Today, the prime minister is [playing the victim] by saying that students “are losing their chance” to speak with him, whereas he has made this communication impossible. However, his gangster-like behavior and attitude does not scare me or my friends. We are determined to take this to the end, and to simultaneously give a good lecture about democracy and citizenship to the leaders of this country who have failed in all levels of political power. They have failed society.
In the last few days we witnessed incidents during the student protests. Exponents of political parties exercised violence against some students and activists of Lëvizja Për Universitetin. However, the situation was taken under the control of the students who showed that they are determined to protect the protest and their cause. Is this kind of risk common during symbolic actions and protests? After all, massive rallies have always been unpredictable.
Massiveness comes with unpredictability, but I would say that protests and politics in itself are more challenging than dangerous. Without a doubt, political parties and their exponents, these old wolves who have extorted and exercised violence, are always ready to pounce at the mass to disrupt it for their interests, which are not aligned with the interests of citizens.
Photo courtesy of Ivana Dervishi.
On the other hand, today we live in the age of internet and social media. It wasn’t hard to identify party militants who came to the protests. The independent mass of students responded especially when Jani Marka, a pedagogue at the Faculty of Natural Sciences and an activist of Lëvizja Për Universitetin, was prevented from speaking by a group of militants who sought to usurp freedom of speech during the protest. There were such incidents, but they were managed with calmness and carefulness.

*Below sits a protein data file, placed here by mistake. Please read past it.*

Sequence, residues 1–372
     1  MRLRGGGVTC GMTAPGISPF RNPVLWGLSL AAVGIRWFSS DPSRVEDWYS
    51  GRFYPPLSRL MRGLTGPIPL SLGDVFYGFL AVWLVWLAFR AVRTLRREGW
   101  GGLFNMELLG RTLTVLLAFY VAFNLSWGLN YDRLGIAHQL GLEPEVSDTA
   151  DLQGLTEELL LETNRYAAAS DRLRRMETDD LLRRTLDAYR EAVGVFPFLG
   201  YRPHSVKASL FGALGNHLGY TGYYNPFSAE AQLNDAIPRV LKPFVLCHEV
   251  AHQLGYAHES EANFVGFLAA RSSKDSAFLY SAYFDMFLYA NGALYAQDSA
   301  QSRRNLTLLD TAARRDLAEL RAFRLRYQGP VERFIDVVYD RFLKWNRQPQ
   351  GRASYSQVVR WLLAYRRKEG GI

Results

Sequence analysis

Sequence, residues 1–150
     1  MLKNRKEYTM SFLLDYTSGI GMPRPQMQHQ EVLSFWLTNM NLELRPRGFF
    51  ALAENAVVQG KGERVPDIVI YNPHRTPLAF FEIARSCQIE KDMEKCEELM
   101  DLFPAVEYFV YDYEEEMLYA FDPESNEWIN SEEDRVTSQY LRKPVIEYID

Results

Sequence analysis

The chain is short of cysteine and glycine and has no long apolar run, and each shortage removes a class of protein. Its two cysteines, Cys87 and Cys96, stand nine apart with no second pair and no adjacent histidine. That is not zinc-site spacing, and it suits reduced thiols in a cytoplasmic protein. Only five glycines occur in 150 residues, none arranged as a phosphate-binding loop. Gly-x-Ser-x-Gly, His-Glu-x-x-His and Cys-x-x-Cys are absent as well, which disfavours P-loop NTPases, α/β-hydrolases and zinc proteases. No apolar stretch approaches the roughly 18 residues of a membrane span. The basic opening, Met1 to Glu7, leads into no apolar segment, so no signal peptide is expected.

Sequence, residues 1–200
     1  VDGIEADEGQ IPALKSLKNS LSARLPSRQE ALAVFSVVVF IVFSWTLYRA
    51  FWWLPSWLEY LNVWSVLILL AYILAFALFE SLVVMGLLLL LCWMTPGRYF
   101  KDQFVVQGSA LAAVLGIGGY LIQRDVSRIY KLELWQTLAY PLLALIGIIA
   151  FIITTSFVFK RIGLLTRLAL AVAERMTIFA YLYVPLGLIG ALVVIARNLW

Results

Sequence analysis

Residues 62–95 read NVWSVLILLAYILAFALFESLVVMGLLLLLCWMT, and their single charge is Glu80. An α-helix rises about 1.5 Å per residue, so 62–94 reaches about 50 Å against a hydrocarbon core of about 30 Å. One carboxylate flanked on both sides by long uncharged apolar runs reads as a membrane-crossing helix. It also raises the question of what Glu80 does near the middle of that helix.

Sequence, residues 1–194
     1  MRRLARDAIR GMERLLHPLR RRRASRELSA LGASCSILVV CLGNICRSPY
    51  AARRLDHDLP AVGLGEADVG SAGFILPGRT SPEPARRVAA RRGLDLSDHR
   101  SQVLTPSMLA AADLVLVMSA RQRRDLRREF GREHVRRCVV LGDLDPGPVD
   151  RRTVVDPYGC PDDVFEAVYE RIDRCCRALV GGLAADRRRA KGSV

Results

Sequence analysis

Students realized that none of the parties are their allies, so they chose to respond against them. One of the strongest echo of the protest was the call “Parties out!”, because students demand self-determination, to decide for themselves. We will make the university and society ourselves!
How do you see the participation of pedagogues in the protests? Do they support the students?
Some pedagogues not only support us but have been some of the most active people who have strived to take the demands of students forward. They have been by our side from the beginning. Others have joined along the way. The ones who have not responded or have opposed students are mainly pedagogues who have been caught in the web of corruption or other illegal activities in the university, or are closely-aligned to the power structures.
However, recently the protests were so strong that they forced some to resign or to attempt to “disappear” for a while from public life. I remember the case with one pedagogue of the Faculty of Architecture, who was forced to resign after students publicly recalled each time he was bribed or demanded sexual favors. This happened in a meeting which was held between pedagogues and students of the faculty. This happened a few days ago and incited many reactions.
What’s next for the protests?
Students have finally overcome fear. They are no longer afraid to oppose pedagogues in faculties, or even the prime minister himself. Students are no longer afraid to boycott the imposed discussions with Rama, and not only that, they have ambushed him outside of the university and sought accountability for the money that has been extorted from them; for the unjustified wealth of the prime minister and other government officials; pressuring him to annul the Law on Higher Education and fulfill our demands.